Most developers are busy people with limited energy to devote to supply-chain integrity. Therefore, the driving principle behind cargo-vet is to minimize friction and make it as easy as possible to do the right thing. It aims to be trivial to set up, fit unobtrusively into existing workflows, guide people through each step, and allow the entire ecosystem to share the work of auditing widely-used packages.
This section provides a high-level overview of how the system operates to achieve these goals.
Cargo-vet is easy to set up. Most users will already have a repository with some pre-existing third-party dependencies:
Cargo-vet can be enabled by adding the tool as a linter and running
cargo vet init, which creates some metadata in the repository:
This takes about five minutes, and crucially, does not require auditing the existing dependencies. These are automatically added to the exemptions list:
This makes it low-effort to get started, and facilitates tackling the backlog incrementally from an approved state.
Sometime later, a developer attempts to pull new third-party code into the project. This might be a new dependency, or an update to an existing one:
As part of continuous integration, cargo-vet analyzes the updated build graph to verify that the new code has been audited by a trusted organization. If not, the patch is refused:
Next, cargo-vet assists the developer in resolving the situation. First, it scans the registry to see if any well-known organizations have audited that package before:
If there’s a match, cargo-vet informs the developer and offers the option to add that organization to the project’s trusted imports:
This enables projects to lazily build up an increasingly wide set of approved
crates. Approval of both import and audit submissions automatically falls to the
code owners of the
supply-chain/ directory, which should consist of either
project leadership or a dedicated security team.
It may of course be the case that the developer needs to perform the audit themselves, and cargo-vet streamlines this process. Often someone will have already audited a different version of the same crate, in which case cargo-vet computes the relevant diffs and identifies the smallest one1. After walking the developer through the process of determining what to audit, it then presents the relevant artifacts for inspection, either locally or on Sourcegraph.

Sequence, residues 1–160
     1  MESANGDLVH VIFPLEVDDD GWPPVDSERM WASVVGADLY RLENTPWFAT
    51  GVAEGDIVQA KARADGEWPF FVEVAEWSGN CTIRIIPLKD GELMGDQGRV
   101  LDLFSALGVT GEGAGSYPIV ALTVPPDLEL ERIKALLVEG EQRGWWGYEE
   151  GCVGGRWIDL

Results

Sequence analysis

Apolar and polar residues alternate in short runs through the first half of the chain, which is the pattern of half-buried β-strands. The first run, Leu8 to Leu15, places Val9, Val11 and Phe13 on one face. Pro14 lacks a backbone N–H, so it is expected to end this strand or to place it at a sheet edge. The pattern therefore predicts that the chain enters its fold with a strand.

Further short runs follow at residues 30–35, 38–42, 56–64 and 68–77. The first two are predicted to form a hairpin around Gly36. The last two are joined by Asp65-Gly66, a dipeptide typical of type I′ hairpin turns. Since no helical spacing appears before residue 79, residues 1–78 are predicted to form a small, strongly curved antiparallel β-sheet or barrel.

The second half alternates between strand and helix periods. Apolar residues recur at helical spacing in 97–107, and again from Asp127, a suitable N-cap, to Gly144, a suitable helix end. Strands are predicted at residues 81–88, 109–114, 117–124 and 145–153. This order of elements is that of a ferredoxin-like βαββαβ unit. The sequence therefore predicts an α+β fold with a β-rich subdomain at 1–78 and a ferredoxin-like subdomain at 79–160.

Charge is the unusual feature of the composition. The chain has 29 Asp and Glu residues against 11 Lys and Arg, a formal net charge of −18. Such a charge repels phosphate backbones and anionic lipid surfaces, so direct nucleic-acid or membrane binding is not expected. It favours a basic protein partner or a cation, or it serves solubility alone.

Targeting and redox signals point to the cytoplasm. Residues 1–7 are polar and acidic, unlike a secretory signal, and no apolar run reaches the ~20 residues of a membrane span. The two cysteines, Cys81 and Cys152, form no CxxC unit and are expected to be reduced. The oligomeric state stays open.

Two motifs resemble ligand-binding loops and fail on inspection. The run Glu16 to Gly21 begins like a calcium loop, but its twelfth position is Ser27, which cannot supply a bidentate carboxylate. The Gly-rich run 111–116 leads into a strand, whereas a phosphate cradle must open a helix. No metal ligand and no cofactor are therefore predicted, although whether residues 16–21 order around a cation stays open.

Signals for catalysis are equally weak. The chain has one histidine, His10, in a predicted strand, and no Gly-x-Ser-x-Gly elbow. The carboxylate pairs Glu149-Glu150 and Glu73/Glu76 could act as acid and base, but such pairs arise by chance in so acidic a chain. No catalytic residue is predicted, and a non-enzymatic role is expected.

Cargo-vet minimizes developer friction by storing audits in-tree. This means that developers don’t need to navigate or authenticate with an external system. Interactions with cargo-vet are generally triggered when a developer creates a changeset adding new third-party code, and this design allows them to simply submit the relevant audits as part of that changeset:
Cargo-vet’s mechanisms for sharing and discovery are built on top of this decentralized storage. Imports are implemented by pointing directly to the audit files in external repositories, and the registry is merely an index of such files from well-known organizations:
This also means there’s no central infrastructure for an attacker to compromise. Imports used to vet the dependency graph are always fetched directly from the relevant organization, and only after explicitly adding that organization to the trusted set.
Audit sharing is a key force-multiplier behind
cargo vet, but it is not
essential. Projects can of course decline to add any imports and perform all
Cargo-vet has a number of advanced features under the hood — it supports custom audit criteria, configurable policies for different subtrees in the build graph, and filtering out platform-specific code. These features are all completely optional, and the baseline experience is designed to be simple and require minimal onboarding. You can learn more about them in the subsequent chapters of this book.
Differential audits work even for crates in the exemptions list. While it might seem counter-intuitive to perform a relative security audit against an unknown base, doing so still provides meaningful protection against future supply-chain attacks.